Nothing upsets a coach more than a offensive holding call in the middle of an otherwise productive drive. The play, usually a good one, is nullified, and the penalty moves the line of scrimmage back 10 yards. What was a promising 2nd and 5 becomes a difficult 2nd and 15.

Yet holding calls are frequent, which suggests there's obviously something useful about holding. For passing plays, the alternative is often a sack, which is bad in all kinds of ways. Plus, not all instances of holding are called. I'm sure if you polled defensive lineman, they'd say less than 10% of holds are actually flagged.

So I wanted to know, "for passing plays, what's the break-even detection rate for a hold which would make it worthwhile?"

It's a complex question with lots of variables, so let's isolate some. First, let's define the utility of "worthwhile" as based on the probability of converting a first down. Consider a general 2nd down and 5 situation. Typically, an offense in that situation that calls a pass will convert for a 1st down 71% of the time. We'll note this as P_{1D} = 0.71.

An offensive holding penalty negates the play and penalizes 10 yards from the previous spot, forcing a 2nd and 15. That makes the chances of a 1st down considerably lower. The probability of a 1st down "given a hold" is P_{1D|Hold} = 0.20.

For all 2nd and 5 pass plays in which there was no sack, the probability of conversion is P_{1D|NoSack} = 0.73. But for all 2nd and 5 plays that resulted in a sack, the probability of conversion is P_{1D|Sack} = 0.30.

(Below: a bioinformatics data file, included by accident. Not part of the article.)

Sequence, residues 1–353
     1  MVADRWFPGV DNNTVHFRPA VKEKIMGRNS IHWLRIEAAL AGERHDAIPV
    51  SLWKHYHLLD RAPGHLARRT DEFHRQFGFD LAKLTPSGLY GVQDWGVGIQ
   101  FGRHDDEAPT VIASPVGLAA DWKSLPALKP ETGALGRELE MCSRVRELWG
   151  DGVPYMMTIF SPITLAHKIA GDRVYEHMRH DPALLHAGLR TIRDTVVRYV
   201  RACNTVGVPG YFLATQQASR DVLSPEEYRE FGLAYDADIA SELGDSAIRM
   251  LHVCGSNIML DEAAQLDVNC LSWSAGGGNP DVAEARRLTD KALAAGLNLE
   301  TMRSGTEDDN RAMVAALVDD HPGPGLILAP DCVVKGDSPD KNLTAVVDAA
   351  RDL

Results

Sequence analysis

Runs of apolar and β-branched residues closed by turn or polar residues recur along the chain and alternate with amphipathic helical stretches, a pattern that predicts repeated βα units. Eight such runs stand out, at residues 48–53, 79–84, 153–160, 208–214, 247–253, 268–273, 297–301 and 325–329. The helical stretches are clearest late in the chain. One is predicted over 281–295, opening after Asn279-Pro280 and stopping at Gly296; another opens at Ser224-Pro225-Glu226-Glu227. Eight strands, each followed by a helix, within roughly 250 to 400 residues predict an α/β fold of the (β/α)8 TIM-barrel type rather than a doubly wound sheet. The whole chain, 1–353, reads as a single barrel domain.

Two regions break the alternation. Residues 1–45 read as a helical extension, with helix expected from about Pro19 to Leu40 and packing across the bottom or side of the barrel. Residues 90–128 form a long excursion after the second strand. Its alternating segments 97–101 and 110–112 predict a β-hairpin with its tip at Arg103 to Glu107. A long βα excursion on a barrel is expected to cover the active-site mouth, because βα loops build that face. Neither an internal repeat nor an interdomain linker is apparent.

In order of preference, you'd rather have neither a sack nor a hold (0.71), then a sack (0.30), and lastly a hold (0.20). But not all holds are called. I'm not sure what the detection rate really is, but we can solve for what detection rate would make a hold worthwhile.

For now, let's assume that if the pass rusher beats his blocker, he will cause a sack 100% of the time. And let's call the ref's holding detection rate "x." The break-even detection rate could be found with a simple linear equation:

_{1D|Hold}(x) + P

_{1D|NoSack}(1-x) = P

_{1D|Sack}

Solving for x, we get:

.20(x) + .73 - .73(x) = .30

-.53(x) = -.43

x = .81

So assuming that a defender that beats his blocker would always sack the quarterback, the blocker should hold him whenever he believes the probability of detection is lower than about 0.81. In other words, he'd get away with it 1 out of 5 times. It's understandable why a blocker would intentionally hold a pass rusher in this situation.

But pass rushers who beat their blockers don't sack the QB 100% of the time, so let's generalize the equation. Call the probability of a sack given the defender beats his blocker "y." The break-even equation now becomes:

_{1D|Hold}(x) + P

_{1D|NoSack}(1-x) = P

_{1D|Sack}(y) + P

_{1D|NoSack}(1-y)

Simplifying, we get:

.20(x) + .73 - .73(x) = .30(y) + .73 - .73(y)

-.53(x) = -.43(y)

x = .81(y)

The bottom line is that the probability of detection at which committing holding is worthwhile is when it is about 4/5 the chance a pass rusher will get a sack if he beats his blocker. For argument's sake, say that a pass rusher in the backfield gets a sack half the time. The probability of detection would need to be below 0.4 for the hold to make sense. It all boils down to the graph below: